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Treatment of Honey Bees for Acarine Mite (Tracheal Mite) Infestation

This page is credited in full to Dave Cushman who created it. His voice is expressed in black colour text and any additions or comments in blue belong to myself. Credit: Dave Cushman’s website.



Various Treatments that are (or have been) recommended for treating the Acarine or tracheal mite that infests honey bees, are listed on this page and the links that lead from it.

Folbex VA

Folbex VA used to be the preferred treatment for Acarine in UK, but has not been available for many years as it would be too costly to obtain a veterinary licence. However there is a linked page on Folbex VA which gives the details of how it was used when it was available.

Oil of Wintergreen

Also known as Methyl Salicylate, formula… C8H8O3 ?It is distilled from various species of plants that stay green in winter, hence the name. It should be noted that there are different species used in UK to those in many US texts.

Somewhere between 1920 and 1925, Dr. J. Rennie, recommended wintergreen in preference to the original Frow treatment for treatment of Isle of Wight Disease (whatever it really was).

Between 1920s and 1940s it was common in UK for a wicked bottle of wintergreen oil to be kept in the bottom of the hives as a matter of routine, This was purported to control Acarine infestations, but I have seen no specific trial results on the effectiveness.

Manley used a small bottle (about 25 ml) of Oil of Wintergreen with a wick, or a small flat shoe polish tin with the lid perforated with holes of 6 mm to 9 mm. The tins were filled with cotton wool, with a disc of felt as the top surface, the cotton wool being completely saturated with the wintergreen. He kept such evaporators in all hives and mating nucs all year round.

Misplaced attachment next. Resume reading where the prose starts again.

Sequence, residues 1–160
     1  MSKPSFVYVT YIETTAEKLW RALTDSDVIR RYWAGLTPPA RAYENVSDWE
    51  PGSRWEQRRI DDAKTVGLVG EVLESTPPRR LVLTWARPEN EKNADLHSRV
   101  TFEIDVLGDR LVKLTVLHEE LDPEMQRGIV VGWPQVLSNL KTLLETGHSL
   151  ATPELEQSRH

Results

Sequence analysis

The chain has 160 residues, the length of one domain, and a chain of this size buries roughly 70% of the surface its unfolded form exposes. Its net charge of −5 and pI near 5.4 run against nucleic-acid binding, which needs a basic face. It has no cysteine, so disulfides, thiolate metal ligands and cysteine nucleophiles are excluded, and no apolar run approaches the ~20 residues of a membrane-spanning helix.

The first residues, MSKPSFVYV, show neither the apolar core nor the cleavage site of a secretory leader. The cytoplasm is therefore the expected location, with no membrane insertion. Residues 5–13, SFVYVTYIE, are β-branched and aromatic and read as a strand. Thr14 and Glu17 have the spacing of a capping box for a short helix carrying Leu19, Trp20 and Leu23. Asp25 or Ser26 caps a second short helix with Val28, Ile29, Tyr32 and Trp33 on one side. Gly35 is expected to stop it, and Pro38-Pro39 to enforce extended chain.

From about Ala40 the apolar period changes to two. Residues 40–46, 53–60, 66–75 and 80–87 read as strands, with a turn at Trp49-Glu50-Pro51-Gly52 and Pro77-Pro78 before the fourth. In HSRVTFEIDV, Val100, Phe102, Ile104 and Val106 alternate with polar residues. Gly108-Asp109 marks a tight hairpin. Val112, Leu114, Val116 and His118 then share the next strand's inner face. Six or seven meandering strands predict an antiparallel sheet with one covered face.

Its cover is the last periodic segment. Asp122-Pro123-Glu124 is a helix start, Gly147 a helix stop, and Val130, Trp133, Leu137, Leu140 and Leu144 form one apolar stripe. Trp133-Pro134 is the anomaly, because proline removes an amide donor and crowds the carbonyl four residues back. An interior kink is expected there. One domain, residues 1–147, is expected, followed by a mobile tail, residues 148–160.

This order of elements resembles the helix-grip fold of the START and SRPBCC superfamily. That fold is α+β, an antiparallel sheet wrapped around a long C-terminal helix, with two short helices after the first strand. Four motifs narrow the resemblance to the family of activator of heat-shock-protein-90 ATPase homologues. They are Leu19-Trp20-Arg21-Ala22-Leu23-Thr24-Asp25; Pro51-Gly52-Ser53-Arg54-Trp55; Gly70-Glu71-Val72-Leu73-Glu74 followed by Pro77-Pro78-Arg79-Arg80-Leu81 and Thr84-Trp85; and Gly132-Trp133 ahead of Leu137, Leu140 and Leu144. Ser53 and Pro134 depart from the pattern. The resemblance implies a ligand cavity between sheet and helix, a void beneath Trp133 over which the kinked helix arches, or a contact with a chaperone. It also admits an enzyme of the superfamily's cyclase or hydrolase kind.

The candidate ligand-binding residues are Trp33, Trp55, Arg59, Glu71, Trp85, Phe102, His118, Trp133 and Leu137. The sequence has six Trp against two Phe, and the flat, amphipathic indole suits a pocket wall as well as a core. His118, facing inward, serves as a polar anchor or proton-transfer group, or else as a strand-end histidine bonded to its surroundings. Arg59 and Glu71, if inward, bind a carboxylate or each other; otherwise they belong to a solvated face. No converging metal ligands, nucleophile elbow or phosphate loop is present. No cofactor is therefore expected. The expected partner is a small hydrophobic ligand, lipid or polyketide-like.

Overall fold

The wick used has been reported differently in different texts, but such a wick is only a means to provide a large surface for evaporation and should not be critical. Three forms are mentioned… The first being cotton pyjama cord, the second being lamp wick (used in the flat tins by some), but the third requires a little explanation… It uses a soft cotton ‘string’ that was sold for knitting into dishcloths, six strands of this were laid parallel and loosely knotted close to one end, the long strands were fed into the small bottle and knot rested in or on the mouth and the short strands were fanned out to do the majority of the evaporating.


In the United States Acarine is a big problem, they refer to the Acarine mite by the term ‘tracheal mite’, which of course, reflects it’s method of infestation.

Bee treatment in the US requires approval by their food and drug administration department. Menthol crystals are the only US approved chemical treatment for Acarine or tracheal mites.

Menthol is a crystalline alcohol, formula… C10H20O ?It is obtained from oil of peppermint and is used in medicines, cooling salves and smoking materials.


Menthol crystals are used as a fumigant, the crystals sublime into the gaseous state as well as going through a liquid phase, but the process is very temperature sensitive. Vapour is released above 21

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